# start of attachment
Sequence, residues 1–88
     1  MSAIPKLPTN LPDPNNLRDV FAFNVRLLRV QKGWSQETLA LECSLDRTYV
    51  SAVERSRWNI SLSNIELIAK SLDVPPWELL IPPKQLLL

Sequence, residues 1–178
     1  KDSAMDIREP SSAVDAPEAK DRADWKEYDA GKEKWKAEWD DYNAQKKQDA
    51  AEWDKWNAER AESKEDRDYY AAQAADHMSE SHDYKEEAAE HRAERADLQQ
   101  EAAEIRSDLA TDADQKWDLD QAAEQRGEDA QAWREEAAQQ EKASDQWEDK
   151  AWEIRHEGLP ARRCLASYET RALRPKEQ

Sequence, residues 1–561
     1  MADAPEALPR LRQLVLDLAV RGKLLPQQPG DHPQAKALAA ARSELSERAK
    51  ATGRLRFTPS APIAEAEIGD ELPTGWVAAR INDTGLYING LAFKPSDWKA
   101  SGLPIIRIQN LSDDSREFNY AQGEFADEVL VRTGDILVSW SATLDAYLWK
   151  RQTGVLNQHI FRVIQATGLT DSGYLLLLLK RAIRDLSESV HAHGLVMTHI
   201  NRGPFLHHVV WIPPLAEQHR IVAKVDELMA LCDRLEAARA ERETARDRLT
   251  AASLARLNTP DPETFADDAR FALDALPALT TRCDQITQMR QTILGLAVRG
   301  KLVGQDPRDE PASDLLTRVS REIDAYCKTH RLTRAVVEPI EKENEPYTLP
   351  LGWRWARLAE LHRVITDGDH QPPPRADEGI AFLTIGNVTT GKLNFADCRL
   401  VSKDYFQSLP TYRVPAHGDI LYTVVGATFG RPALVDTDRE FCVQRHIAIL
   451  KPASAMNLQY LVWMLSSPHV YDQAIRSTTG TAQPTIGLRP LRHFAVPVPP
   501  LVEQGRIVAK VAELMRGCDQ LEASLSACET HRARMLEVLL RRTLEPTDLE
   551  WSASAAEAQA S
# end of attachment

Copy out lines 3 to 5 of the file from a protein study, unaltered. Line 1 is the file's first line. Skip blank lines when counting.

    51  SAVERSRWNI SLSNIELIAK SLDVPPWELL IPPKQLLL

Sequence, residues 1–178
     1  KDSAMDIREP SSAVDAPEAK DRADWKEYDA GKEKWKAEWD DYNAQKKQDA